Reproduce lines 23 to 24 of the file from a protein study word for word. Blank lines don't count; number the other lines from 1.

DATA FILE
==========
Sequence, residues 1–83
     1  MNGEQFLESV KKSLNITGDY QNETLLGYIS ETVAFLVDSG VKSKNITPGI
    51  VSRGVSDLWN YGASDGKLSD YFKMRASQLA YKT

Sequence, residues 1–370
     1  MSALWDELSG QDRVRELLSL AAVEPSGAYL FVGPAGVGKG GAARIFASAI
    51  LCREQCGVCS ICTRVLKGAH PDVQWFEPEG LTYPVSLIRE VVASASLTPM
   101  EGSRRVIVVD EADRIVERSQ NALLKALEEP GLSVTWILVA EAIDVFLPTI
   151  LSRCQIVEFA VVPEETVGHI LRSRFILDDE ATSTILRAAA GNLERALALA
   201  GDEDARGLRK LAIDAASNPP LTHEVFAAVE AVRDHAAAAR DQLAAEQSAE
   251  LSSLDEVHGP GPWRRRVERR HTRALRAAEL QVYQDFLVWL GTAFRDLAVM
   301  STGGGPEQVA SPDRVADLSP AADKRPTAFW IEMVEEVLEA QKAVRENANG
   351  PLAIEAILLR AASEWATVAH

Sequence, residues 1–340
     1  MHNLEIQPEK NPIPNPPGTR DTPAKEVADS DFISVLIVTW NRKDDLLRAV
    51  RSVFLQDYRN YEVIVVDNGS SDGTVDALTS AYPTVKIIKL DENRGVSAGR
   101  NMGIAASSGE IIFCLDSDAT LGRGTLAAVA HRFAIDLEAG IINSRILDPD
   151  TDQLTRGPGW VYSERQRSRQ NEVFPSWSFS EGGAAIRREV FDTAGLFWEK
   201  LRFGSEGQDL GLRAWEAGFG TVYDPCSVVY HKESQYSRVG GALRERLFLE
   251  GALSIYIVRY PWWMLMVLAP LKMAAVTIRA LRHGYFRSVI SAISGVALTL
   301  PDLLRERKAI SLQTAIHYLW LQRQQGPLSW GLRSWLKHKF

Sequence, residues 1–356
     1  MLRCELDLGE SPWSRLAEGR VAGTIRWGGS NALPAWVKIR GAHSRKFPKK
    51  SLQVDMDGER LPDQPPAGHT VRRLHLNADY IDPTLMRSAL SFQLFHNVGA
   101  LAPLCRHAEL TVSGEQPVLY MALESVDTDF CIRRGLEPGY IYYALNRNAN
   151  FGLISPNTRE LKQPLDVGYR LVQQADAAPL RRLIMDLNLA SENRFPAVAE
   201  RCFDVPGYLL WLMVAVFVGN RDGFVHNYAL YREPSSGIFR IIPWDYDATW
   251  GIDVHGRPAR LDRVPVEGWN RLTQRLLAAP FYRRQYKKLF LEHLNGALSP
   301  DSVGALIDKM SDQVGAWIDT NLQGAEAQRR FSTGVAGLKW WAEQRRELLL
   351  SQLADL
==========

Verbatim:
    51  SLQVDMDGER LPDQPPAGHT VRRLHLNADY IDPTLMRSAL SFQLFHNVGA
   101  LAPLCRHAEL TVSGEQPVLY MALESVDTDF CIRRGLEPGY IYYALNRNAN